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Old 11-16-2009, 07:09 AM   #1
400d
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Default Safeale S-04 yeast

I pitched the yeast on Saturday and had a vigorous fermentation for 72 hours. Now everything stopped and trub settled down to the bottom of carboy. Beer cleared and has got a beautiful golden color.

Is it possible that fermentation is done so fast? I heard that S-04 in general is a fast yeast, but still.....

I have to say that I pitched 1.5 packs of dry yeast to 5 gallon, so I was a little afrait that I might over pitched.....

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Old 11-16-2009, 08:52 AM   #2
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Yep, if your O.G. was 1.050, you over-pitched by about 50%. If you didn't re-hydrate though, you should be fine because half the yeast would be killed off. 16 grams of dry yeast is about enough for a strong ale at 1.080 O.G. You need a higher attenuating yeast at that gravity.

That said, 72 hours sounds about right for s-04. It's the fastest yeast I've ever used. I'd keep it warm at about 70-72 F, and take a hydrometer reading after a week or two. If it tastes under-attenuated, buttery or green appley, I'd keep it warm, and gently rouse the yeast by turning the fermenter.

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Old 11-16-2009, 08:58 AM   #3
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Quote:
Originally Posted by Prionburger View Post
Yep, if your O.G. was 1.050, you over-pitched by about 50%. If you didn't re-hydrate though, you should be fine because half the yeast would be killed off. 16 grams of dry yeast is about enough for a strong ale at 1.080 O.G. You need a higher attenuating yeast at that gravity.

That said, 72 hours sounds about right for s-04. It's the fastest yeast I've ever used. I'd keep it warm at about 70-72 F, and take a hydrometer reading after a week or two. If it tastes under-attenuated, buttery or green appley, I'd keep it warm, and gently rouse the yeast by turning the fermenter.
my OG was very low and under my expectations (1.032), but I boosted the wort with 20 oz of sugar just before I pitched the yeast, so I probably got them a bit more busy with this additional sugar.....
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Old 11-16-2009, 02:14 PM   #4
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72hrs is about right for that yeast. My last fermentation with that yeast was over at around the 72hr mark with the temp at 65.

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Old 11-16-2009, 07:41 PM   #5
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I made a IPA last month with that same yeast and it was extremley violent, i had to pop off my airlock and make a blow off tube before my lid blew off. This only lasted around 72 hours as well. I tried rousing the yeast by bringing up the temp to around 75 degrees, and swirling gentley, but nothing brought the FG down. I proofed the yeast in 100 degree water for 30 min before i pitched, which may be why it was so active at first. My final reading was 1.020 which was a little high for that batch, but not by much. It looked good, smelled good, and tasted good, so i bottled it after two weeks in the secondary. I report back on how it comes out. CHEERS!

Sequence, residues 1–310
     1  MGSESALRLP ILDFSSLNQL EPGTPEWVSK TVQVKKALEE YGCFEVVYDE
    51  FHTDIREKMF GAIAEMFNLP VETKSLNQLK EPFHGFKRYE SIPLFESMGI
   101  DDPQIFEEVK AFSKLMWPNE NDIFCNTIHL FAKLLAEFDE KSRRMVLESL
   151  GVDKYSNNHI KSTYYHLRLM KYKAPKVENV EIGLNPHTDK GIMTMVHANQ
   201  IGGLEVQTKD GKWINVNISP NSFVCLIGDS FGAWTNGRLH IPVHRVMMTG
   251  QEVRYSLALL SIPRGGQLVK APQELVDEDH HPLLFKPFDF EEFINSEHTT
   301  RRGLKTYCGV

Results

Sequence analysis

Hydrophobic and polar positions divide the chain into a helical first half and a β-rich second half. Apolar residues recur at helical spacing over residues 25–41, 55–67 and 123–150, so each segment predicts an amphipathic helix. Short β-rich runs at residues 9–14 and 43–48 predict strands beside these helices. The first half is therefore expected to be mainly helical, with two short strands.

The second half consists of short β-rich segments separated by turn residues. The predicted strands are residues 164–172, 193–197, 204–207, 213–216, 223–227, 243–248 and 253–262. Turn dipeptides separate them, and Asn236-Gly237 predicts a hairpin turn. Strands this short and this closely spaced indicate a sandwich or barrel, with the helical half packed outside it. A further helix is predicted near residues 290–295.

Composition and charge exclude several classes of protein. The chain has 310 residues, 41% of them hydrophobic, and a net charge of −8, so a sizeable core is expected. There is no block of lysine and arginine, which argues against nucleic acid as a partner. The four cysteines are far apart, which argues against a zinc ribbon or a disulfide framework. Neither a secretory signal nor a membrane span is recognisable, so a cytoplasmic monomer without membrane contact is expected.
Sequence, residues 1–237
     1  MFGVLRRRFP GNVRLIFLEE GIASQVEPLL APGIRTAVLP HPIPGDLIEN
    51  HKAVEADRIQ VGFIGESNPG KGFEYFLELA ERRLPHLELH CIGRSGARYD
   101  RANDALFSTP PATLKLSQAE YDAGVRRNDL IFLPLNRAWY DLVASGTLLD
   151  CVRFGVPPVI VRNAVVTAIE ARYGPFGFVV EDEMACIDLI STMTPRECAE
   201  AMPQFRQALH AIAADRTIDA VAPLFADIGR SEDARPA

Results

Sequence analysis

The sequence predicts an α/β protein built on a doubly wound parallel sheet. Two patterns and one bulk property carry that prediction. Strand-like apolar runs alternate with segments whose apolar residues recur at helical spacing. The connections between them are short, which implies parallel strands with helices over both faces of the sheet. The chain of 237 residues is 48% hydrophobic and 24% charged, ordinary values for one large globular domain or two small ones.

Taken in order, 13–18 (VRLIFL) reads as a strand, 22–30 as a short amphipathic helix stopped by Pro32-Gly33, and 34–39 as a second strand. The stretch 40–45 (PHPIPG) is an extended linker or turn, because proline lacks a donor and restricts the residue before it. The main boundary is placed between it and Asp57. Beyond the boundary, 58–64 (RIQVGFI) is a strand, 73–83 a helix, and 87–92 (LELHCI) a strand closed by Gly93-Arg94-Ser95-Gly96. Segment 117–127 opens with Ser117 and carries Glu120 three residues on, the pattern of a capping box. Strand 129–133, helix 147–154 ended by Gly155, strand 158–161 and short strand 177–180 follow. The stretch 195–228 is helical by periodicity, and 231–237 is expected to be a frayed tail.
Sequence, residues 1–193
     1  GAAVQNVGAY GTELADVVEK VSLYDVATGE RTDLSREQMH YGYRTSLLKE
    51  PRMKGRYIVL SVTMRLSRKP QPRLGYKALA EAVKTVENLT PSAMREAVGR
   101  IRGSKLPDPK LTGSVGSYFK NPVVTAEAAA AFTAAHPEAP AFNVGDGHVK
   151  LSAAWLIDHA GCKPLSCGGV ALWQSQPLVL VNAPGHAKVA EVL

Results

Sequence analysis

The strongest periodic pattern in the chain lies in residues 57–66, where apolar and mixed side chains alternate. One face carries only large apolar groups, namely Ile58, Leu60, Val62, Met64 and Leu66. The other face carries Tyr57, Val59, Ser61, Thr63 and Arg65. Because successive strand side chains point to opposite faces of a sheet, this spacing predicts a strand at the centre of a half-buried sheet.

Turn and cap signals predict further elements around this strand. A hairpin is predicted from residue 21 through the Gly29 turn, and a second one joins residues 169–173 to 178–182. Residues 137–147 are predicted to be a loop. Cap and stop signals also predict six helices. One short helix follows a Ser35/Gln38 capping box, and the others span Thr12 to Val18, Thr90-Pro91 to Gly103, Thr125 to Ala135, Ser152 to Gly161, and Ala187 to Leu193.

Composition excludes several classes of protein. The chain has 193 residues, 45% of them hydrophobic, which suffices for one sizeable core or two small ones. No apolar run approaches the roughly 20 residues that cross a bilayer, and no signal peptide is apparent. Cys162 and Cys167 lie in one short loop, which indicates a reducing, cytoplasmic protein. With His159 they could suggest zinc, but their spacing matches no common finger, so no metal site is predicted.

Fermentation temp-72 degrees

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Old 12-11-2009, 11:29 AM   #6
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I just did a ESB with that yeast and it appears to have finished in 72ish hours as well. Started fast and strong and ended just as fast. My only concern is that the ambient temp in my fermentation room (read basement) dropped to 57-58. Should I be worried?

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Old 12-11-2009, 11:37 AM   #7
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Quote:
Originally Posted by UnaBonger View Post
I just did a ESB with that yeast and it appears to have finished in 72ish hours as well. Started fast and strong and ended just as fast. My only concern is that the ambient temp in my fermentation room (read basement) dropped to 57-58. Should I be worried?
it is really too low. I think fermentis recommends at least 60 F for successful fermentation.
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Old 12-11-2009, 11:47 AM   #8
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I usually let my fermenter warm up after about 5 days of fermenting low. I'll pull it out to room temp for another week or 2. The gravity will continue to drop, but I feel safe that it will not pick up esters. I had a stout that fermented quickly with S04. Its an awesome yeast.

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Old 12-11-2009, 03:32 PM   #9
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Quote:
Originally Posted by 400d View Post
it is really too low. I think fermentis recommends at least 60 F for successful fermentation.
I read that too which is why I started panicking... The temp didn't drop until the 4th day and I "think" it was mostly done with fermentation anyway. To be safe, I'll try and warm it up with the 'ol bucket of water and aquarium heater trick and see what happens...
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Old 12-11-2009, 03:50 PM   #10
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Quote:
Originally Posted by mike1978 View Post
I made a IPA last month with that same yeast and it was extremley violent, i had to pop off my airlock and make a blow off tube before my lid blew off. This only lasted around 72 hours as well.

Fermentation temp-72 degrees
Did the same thing (except for proofing) on my Rye Ale with SafBrew T-58. Lost about 1/4 gallon to blow off.

Hoping it comes out good but I plan to leave it in for a full 2 weeks to settle out.
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